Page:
Last month Walmart announced a $1 billion initiative to source produce from 1 million small and medium farmers, which the behemoth says will increase their income by 10 to 15 percent. Walmart’s plan is to offer their customers more locally raised food as part of their corporate sustainability effort. This news has obviously created quite a buzz among supporters, skeptics, and the mainstream media. (You can tap some of it here, here, here, and here.)
As usual, Walmart has been silent in this discussion. Like every other major corporation, it totally controls the release of info and manages its spin; you see controlled quotes from anonymous spokespeople, or canned interviews, but candor is not happening. But now that we’re living in a de facto corporatocracy, maybe it’s time our rulers were held a bit more accountable, not only to their stockholders but to their customers, and to those affected by their decisions.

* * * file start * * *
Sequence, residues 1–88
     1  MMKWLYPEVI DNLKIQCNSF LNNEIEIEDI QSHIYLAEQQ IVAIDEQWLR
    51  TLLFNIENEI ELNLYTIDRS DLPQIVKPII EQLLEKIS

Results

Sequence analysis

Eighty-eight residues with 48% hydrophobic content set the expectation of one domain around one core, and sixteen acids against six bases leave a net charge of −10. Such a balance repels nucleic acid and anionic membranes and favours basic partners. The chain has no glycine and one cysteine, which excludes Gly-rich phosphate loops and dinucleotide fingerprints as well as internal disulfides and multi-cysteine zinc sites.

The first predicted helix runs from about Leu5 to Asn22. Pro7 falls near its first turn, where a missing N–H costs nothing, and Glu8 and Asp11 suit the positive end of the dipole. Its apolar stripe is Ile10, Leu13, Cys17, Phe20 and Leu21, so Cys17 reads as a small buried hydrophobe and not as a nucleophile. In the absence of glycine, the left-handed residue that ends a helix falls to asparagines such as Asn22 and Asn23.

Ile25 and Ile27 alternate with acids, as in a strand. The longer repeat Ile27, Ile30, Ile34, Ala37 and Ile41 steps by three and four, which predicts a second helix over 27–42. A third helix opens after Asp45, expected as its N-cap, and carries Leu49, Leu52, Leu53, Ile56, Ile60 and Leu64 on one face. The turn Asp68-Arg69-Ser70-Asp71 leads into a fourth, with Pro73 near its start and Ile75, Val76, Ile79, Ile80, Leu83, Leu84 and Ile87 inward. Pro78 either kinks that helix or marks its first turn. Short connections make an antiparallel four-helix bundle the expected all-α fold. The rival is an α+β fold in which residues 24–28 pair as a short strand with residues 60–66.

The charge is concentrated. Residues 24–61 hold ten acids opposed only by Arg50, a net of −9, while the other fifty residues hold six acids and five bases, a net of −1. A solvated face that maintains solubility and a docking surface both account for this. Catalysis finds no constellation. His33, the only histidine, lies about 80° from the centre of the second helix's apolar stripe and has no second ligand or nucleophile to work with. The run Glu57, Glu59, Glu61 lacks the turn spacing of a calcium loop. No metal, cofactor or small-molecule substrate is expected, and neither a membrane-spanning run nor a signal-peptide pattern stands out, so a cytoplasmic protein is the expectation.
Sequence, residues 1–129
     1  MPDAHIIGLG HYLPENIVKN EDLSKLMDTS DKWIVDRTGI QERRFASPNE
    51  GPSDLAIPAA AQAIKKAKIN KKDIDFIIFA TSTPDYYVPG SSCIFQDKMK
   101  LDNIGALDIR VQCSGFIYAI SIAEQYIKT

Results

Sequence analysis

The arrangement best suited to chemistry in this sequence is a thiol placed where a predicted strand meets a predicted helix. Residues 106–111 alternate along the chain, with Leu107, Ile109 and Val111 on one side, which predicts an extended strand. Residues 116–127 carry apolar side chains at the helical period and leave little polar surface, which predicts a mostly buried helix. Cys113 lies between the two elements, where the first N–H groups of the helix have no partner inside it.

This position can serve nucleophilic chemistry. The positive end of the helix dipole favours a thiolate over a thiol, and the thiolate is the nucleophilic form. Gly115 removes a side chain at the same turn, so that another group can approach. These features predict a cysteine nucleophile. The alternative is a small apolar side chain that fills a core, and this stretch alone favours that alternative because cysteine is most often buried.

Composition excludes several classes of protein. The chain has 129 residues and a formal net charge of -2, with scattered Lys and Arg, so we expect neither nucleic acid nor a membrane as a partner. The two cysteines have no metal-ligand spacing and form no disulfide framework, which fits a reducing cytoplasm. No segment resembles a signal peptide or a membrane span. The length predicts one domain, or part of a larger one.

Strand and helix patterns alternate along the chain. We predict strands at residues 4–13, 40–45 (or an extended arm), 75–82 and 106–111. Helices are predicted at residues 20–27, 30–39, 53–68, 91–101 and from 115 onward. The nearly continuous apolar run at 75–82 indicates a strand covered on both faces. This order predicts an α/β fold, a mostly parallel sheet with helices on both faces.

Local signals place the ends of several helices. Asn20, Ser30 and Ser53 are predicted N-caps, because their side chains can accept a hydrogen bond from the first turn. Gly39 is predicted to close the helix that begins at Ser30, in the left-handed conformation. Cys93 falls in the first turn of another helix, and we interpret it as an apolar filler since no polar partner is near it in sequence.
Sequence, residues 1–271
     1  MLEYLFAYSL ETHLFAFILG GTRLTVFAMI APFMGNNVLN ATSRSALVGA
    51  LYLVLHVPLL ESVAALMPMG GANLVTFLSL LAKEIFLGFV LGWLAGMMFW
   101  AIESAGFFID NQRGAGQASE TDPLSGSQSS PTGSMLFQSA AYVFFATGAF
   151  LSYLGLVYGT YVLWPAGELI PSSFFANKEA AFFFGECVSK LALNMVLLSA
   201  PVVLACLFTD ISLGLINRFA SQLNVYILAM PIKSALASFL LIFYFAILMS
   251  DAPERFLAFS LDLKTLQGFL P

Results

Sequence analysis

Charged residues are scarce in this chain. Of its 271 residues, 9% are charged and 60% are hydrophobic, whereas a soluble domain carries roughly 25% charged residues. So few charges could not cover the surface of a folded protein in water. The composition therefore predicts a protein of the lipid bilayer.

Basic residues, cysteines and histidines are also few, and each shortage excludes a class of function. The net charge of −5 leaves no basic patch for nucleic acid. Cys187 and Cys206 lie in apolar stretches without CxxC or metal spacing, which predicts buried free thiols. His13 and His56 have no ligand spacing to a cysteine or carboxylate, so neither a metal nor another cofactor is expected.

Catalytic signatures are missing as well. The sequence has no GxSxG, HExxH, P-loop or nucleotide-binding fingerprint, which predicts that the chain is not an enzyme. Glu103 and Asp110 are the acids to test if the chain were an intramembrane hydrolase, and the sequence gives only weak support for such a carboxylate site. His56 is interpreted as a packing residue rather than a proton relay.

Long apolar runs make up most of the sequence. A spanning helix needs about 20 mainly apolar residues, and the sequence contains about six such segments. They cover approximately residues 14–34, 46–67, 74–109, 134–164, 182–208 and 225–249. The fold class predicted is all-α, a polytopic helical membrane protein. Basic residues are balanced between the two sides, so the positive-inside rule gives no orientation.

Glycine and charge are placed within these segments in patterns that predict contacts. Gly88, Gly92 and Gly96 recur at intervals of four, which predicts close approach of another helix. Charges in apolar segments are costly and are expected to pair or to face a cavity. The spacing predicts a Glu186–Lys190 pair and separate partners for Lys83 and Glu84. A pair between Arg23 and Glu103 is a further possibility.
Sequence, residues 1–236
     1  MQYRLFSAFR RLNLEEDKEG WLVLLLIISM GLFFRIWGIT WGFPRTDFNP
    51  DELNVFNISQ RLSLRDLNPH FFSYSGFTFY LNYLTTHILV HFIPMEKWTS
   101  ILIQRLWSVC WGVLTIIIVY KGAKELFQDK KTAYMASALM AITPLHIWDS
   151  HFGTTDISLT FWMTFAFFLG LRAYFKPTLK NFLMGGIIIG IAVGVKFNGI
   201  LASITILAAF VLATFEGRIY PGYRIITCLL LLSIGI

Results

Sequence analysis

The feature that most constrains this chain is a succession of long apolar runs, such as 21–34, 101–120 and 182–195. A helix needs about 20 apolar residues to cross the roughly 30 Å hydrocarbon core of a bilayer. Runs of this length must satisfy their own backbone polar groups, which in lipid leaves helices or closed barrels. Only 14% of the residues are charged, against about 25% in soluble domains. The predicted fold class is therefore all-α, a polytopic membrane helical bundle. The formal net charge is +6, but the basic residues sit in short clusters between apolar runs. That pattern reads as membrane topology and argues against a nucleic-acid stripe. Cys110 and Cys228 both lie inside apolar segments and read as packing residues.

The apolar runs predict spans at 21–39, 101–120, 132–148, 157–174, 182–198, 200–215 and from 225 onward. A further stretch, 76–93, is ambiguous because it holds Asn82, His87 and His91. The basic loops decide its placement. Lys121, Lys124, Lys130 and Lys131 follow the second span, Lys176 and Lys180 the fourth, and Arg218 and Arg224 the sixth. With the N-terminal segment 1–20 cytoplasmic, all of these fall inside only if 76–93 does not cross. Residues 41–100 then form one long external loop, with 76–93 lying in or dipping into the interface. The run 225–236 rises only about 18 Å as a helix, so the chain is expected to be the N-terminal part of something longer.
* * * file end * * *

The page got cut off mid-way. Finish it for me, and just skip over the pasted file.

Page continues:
Here are a few things we’d like to know about Walmart’s new effort; feel free to add to the list, and, in a week or two, we’ll send it along (probably to someone who’ll proceed to ignore us):
How do you define “local”?
Will your local suppliers—and their workers—be treated with respect and paid full value for their produce?
How will you value the produce itself, by quality or by volume?
Will your initiative put any farmers out of business?
How open will you be about this process? How will we be able to chart your progress?
(Photo Credit: mjb84 via Flickr)